Back to Journals » Clinical Ophthalmology » Volume 12

Effect of clinical parameters on the ocular surface microbiome in children and adults

Authors Cavuoto KM, Mendez R, Miller D, Galor A, Banerjee S

Received 25 February 2018

Accepted for publication 1 May 2018

Published 2 July 2018 Volume 2018:12 Pages 1189—1197


Checked for plagiarism Yes

Review by Single anonymous peer review

Peer reviewer comments 2

Editor who approved publication: Dr Scott Fraser

Kara M Cavuoto,1,* Roberto Mendez,2,* Darlene Miller,1 Anat Galor,1,3 Santanu Banerjee2

1Department of Ophthalmology, Bascom Palmer Eye Institute, University of Miami, Miami, FL, 2Department of Surgery, Miller School of Medicine, University of Miami, Miami, FL, 3Department of Ophthalmology, Miami Veterans Administration Medical Center, Miami, FL, USA

*These authors contributed equally to this work

Purpose: To perform a pilot study to characterize the effect of clinical parameters on the ocular surface microbiome (OSM) in children and adults using 16s ribosomal RNA sequencing.
Methods: Prospective, cross-sectional study using 16s sequencing to evaluate the OSM. Comparisons were made in bacterial composition by 1) age, 2) gender, 3) sampling location of the ocular and periocular surfaces, and 4) topical drop use. 16s sequencing was performed using Illumina MiSeq 250 and analyzed using Qiime.
Results: Thirty patients (15 children [mean 3.7 years], 15 adults [mean 60.4 years]) were sampled. Both principal coordinate analysis and unifrac distance analysis showed significant differences in the composition between the pediatric and adult OSMs (both p=0.001). The eyelid margin microbiota did not show any distinct clustering compared to conjunctiva within the pediatric samples but tended to show a distinction between anatomic sites in adult samples. No differences in OSM were noted by topical drop use.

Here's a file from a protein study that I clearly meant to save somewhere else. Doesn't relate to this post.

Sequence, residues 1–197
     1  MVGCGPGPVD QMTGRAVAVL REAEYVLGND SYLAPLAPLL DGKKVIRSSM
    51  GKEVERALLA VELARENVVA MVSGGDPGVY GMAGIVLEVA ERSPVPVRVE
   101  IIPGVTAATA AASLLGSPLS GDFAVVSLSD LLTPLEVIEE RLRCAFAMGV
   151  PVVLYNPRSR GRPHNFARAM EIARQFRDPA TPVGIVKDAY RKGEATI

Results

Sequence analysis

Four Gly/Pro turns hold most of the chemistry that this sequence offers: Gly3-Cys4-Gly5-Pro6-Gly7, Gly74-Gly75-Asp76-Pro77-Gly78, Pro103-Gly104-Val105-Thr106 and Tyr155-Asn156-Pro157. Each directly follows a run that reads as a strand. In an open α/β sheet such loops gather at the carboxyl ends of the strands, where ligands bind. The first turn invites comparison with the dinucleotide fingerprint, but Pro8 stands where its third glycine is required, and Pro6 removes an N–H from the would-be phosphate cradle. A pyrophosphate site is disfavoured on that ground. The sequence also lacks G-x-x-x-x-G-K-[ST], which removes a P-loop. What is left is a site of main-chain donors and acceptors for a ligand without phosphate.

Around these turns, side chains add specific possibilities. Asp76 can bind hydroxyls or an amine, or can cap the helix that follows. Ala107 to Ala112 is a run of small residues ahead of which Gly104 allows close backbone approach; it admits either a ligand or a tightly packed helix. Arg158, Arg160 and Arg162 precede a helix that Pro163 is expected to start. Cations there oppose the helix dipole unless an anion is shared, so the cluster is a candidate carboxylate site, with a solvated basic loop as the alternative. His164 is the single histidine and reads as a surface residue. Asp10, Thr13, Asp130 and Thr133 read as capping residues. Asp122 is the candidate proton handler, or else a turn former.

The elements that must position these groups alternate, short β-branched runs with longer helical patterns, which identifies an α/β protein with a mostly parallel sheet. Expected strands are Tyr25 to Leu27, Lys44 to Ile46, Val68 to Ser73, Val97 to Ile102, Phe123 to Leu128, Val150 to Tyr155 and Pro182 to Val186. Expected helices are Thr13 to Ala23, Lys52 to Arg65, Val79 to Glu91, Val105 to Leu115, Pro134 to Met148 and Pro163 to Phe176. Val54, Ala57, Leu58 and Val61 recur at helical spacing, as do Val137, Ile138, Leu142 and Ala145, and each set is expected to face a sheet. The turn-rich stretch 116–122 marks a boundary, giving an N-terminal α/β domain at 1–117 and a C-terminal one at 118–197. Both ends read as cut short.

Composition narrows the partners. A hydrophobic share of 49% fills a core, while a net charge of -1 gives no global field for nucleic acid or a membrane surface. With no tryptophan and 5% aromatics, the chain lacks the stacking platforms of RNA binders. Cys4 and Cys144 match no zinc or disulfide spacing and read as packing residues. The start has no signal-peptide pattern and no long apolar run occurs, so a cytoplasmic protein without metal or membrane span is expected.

Conclusion: 16s sequencing is a useful tool in evaluating the OSM in patients of all ages, showing a distinct difference between pediatric and adult microbiomes.

Keywords: ocular microbiome, conjunctival microbiome, eyelid margin microbiome, skin microbiome, 16s rRNA, paucibacterial, Qiime


A multitude of bacteria inhabit various mucosal surfaces in the human body, with the majority residing in the gastrointestinal surface.1 Although mucosal surface colonization was first thought to occur after birth, it is now understood that colonization begins in utero.24 Specific host site factors such as oxygen levels, moisture, pH, and immunologic factors lead to unique bacterial compositions at each anatomic site.5 The microbiome is further shaped by external factors such as environmental changes, aging, and antibiotic use.6

The ocular surface (OS) was initially believed to have little bacterial influence, as several proteins produced by tears have antimicrobial properties.7 Culture-dependent methods have been used in the past to identify the bacteria present on the OS. Overall, coagulase-negative Staphylococci are the most common bacteria isolated from the conjunctiva, lids, or tears.8 However, cultures only demonstrate growth ~50% of the time.913 In addition, culture-dependent methods fail to demonstrate that the diverse number of species compose the ocular surface microbiome (OSM).14